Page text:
The same was true among pending home sales, a statistic that measures contract signings which have decreased for six months in a row, NAR revealed, sliding 2.5 percent on an annual basis.
Even newly constructed single-family property buys dipped in summer's opening month. As noted by the U.S. Department of Housing and Urban Development, new-home sales plunged nearly 5.5 percent in June to a seasonally adjusted annual rate of 631,000 units.
So, what does this all mean for you? If you're a first-time homebuyer aiming to land a residence at a price you can afford, here's what you may be able to expect should the trend continue:
Home prices poised to pull back
Perhaps the only thing more certain than Americans buying homes is the upward trajectory of asking prices. The median for existing homes climbed yet again in June, marking the 76th straight month they've done so on an annual basis, NAR reported. However, with home sales down virtually across the board, the direction of home values may follow suit. What's been preventing this from happening sooner is supply not being replenished at a fast enough clip.
But the inventory situation appears to be improving, based on the most up to date numbers from the NAR. At the conclusion of June, unsold properties totaled around 1.9 million, the equivalent of a 4.3-month supply, according to NAR. This means it would take right around a quarter of the year for inventory to run dry were no other properties to enter listings. The most noteworthy aspect of these numbers is 1.9 million. Up 0.5 percent from a year ago, it's the first time in three years that inventory rose compared to 12 months earlier.
Listings to remain 'active' for longer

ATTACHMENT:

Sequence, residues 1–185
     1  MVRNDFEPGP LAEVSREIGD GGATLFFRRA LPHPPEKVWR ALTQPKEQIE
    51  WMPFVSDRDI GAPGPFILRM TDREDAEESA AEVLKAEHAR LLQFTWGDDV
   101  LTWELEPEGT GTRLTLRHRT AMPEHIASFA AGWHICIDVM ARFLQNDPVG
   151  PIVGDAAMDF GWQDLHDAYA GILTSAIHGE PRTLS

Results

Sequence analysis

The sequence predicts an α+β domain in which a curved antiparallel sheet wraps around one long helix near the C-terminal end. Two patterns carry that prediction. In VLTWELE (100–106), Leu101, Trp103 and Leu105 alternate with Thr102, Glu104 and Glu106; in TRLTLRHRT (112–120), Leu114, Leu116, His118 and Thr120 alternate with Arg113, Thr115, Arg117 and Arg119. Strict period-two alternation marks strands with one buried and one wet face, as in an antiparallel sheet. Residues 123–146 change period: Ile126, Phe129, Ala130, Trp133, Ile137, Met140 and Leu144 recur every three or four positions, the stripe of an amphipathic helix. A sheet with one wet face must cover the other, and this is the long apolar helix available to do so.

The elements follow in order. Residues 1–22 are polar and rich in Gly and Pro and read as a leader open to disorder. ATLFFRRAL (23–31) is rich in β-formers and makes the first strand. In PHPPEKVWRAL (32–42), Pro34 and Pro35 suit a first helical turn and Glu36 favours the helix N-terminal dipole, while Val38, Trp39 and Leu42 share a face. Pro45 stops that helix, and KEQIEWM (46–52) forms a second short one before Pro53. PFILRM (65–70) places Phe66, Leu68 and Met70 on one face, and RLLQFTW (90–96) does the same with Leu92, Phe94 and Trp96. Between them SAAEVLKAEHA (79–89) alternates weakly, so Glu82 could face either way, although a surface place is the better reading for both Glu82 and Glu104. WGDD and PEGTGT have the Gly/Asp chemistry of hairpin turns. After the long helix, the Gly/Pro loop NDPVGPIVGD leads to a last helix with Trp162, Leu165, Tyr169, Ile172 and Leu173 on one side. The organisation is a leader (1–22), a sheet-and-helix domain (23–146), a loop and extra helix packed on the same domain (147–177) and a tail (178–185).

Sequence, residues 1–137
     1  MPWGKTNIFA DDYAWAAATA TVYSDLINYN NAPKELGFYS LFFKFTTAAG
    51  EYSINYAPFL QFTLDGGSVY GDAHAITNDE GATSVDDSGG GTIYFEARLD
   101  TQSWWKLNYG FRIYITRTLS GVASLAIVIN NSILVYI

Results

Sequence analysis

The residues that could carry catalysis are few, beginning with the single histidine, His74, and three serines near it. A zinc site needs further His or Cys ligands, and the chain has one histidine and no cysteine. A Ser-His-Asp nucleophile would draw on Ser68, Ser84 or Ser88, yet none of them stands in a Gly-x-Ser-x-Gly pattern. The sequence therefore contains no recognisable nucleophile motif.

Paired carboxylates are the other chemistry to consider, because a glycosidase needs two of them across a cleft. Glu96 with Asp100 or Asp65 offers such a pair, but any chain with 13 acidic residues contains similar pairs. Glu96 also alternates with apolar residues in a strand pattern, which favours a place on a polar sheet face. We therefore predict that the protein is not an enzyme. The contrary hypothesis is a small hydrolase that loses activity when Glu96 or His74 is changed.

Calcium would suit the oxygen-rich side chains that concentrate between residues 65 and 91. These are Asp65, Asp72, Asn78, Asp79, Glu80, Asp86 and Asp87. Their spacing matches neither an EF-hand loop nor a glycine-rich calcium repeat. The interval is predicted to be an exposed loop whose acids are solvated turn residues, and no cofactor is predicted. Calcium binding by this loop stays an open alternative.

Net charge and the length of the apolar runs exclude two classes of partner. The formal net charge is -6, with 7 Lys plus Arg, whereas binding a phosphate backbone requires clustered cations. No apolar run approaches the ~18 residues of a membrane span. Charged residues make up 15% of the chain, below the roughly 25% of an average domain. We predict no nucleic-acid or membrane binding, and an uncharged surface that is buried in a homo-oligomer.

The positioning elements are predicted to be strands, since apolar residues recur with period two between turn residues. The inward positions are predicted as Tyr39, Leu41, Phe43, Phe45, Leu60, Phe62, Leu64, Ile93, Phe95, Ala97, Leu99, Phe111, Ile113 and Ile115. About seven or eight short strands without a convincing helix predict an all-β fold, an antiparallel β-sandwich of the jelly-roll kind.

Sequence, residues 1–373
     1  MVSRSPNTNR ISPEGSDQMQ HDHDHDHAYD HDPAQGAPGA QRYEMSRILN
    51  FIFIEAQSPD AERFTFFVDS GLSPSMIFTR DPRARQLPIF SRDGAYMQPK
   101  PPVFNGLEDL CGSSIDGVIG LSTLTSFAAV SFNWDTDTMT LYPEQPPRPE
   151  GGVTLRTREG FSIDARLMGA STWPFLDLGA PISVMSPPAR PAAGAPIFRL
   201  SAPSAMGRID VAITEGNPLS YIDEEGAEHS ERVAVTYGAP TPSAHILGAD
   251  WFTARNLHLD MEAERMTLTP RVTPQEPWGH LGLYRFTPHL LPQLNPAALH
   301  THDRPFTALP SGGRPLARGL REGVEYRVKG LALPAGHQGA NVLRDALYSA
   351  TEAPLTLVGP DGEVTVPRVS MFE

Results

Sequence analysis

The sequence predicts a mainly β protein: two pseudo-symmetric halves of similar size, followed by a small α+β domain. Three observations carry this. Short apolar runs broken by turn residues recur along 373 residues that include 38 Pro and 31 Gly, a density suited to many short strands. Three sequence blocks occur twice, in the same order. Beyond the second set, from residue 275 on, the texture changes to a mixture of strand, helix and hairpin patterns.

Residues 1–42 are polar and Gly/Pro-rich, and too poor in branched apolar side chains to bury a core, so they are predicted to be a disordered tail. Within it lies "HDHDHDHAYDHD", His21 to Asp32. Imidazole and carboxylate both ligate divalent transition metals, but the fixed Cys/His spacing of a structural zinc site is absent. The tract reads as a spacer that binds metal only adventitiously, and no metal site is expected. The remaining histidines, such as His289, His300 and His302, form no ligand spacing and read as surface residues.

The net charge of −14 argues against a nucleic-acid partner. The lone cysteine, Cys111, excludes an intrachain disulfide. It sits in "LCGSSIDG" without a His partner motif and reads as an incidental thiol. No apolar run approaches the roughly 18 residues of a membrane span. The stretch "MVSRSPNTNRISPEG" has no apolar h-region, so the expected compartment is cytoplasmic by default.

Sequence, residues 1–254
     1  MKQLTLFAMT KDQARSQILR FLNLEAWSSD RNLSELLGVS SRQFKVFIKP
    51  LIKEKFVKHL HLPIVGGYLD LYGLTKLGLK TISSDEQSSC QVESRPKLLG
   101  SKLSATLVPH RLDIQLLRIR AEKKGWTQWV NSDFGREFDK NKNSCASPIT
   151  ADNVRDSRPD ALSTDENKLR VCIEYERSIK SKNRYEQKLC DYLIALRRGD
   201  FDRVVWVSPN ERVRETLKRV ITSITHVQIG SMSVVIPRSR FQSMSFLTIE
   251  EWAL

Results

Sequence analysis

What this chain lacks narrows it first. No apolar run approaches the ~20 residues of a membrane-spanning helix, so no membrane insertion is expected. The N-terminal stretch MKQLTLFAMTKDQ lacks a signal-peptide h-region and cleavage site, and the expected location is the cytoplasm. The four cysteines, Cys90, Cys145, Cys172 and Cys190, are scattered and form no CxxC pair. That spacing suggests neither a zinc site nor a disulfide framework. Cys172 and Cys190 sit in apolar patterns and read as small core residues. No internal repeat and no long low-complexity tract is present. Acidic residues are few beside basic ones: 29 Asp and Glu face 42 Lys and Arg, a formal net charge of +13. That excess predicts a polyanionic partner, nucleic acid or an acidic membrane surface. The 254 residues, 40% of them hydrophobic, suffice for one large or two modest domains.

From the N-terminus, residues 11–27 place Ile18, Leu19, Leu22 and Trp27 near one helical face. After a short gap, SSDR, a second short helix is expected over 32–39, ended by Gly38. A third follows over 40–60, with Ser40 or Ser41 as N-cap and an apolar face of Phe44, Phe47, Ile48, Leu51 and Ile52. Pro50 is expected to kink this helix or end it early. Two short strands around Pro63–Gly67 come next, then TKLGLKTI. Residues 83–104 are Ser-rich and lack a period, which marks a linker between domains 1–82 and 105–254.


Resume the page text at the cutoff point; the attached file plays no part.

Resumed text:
Twenty-six days: That's how long it takes before a for-sale house is snatched up by a prospective buyer, according to NAR's latest figures, down from 28 days compared to last June. In fact, more than half of the houses that sold then were on the market for a month or less. That houses are claimed so quickly can be extremely frustrating, but if the sales slowdown persists, those for-sale signs should hang around for lengthier stretches.
Waiting until winter may be wise
When is the best time to buy a house? That's a question all prospective buyers asks themselves at some point. Generally speaking, it's the summertime, when more listings become available with kids out of school and the weather pleasant. However, if you're looking to buy at a low price, it may behoove you to wait until the temperatures plunge. Real estate professionals note that buying in the winter can really pay off - literally - because if sellers haven't had luck, they'll be more inclined to sell for less than their initial price point. And if the sales dip continues, that's a scenario you're bound to happen upon.
The housing market is a roll of the dice - you never know what's going to happen from one moment to the next. But if you play your cards right, slumping sales can work to your benefit.